"If we could just take a little bit from each of them."
I've lost track of how many people I have heard say some version of this in the last couple of months. The "each of them" refers to the final four combatants for the Republican nomination.
You could take Newt Gingrich's verbal dexterity, encyclopedic grasp of politics and techno-optimism. Add in Rick Santorum's authenticity and religious conviction. Combine that with the essence of Ron Paul's principled passion for liberty and limited government. Stir vigorously and then pour into the handsome, squeaky-clean vessel of Mitt Romney (while keeping his business acumen and analytical skill). And voila, you'd have the perfect candidate.
Of course, you could just as easily have a Frankenstein's monster with Gingrich's verbal pomposity, Santorum's resentful and dour sanctimony, Paul's conspiratorial nuttiness and the full suite of Romney's Stepford Republican qualities. It calls to mind Homer Simpson's scheme to forcibly mate his pets in a burlap sack so as to create "a miracle hybrid, with the loyalty of a cat and the cleanliness of a dog."
This is one of the amazing things about the final four. The various factions of the Republican Party and the myriad slices of the conservative mind are represented (with the one obvious missing ingredient being the lack of a Southern evangelical Christian), but none of the pieces is in the right place. It's like playing with a Mr. Potato Head when the feet are where the ears should be and an arm stands in for a nose.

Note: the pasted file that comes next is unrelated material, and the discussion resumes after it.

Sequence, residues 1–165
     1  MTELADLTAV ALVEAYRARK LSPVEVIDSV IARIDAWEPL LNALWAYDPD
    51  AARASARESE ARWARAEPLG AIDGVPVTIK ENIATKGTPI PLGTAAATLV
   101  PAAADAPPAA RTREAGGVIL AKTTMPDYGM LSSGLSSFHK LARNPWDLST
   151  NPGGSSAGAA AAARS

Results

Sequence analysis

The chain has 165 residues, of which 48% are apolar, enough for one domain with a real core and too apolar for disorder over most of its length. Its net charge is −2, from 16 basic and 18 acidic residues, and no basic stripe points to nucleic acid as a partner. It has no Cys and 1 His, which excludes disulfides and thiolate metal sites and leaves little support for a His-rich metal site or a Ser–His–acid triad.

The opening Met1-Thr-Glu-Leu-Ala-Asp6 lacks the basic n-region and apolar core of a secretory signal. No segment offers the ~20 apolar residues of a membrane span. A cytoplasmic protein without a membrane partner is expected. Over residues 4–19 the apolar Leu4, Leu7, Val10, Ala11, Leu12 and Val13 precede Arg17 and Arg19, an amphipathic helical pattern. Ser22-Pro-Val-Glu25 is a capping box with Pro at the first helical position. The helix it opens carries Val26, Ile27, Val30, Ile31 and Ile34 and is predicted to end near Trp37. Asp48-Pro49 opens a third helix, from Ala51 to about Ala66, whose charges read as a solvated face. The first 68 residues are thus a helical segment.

Santorum is the religious conservative, but he's a Catholic from Pennsylvania, not a Baptist from Mississippi or Texas. Romney is a devoted family man and business leader running as the authentic outsider, but he's a Mormon from Massachusetts who seems fake enough to be made from Naugahyde. Paul is the long-overdue libertarian in the GOP field, but he's an aging holdover from an ideological backwater of libertarianism that dabbled in bigotry and paranoia.
And then there's Gingrich. The former speaker of the House and leader of the Republican Revolution should be the elder statesman, the insider's insider. But he's managed to turn himself into the outsider who wants to fundamentally and profoundly change the world. He's a Southerner who converted to Catholicism with, as National Review's Mark Steyn writes, "twice as many ex-wives as the first 44 presidents combined." He's a true political chimera, a Nelson Rockefeller Republican right-wing revolutionary.
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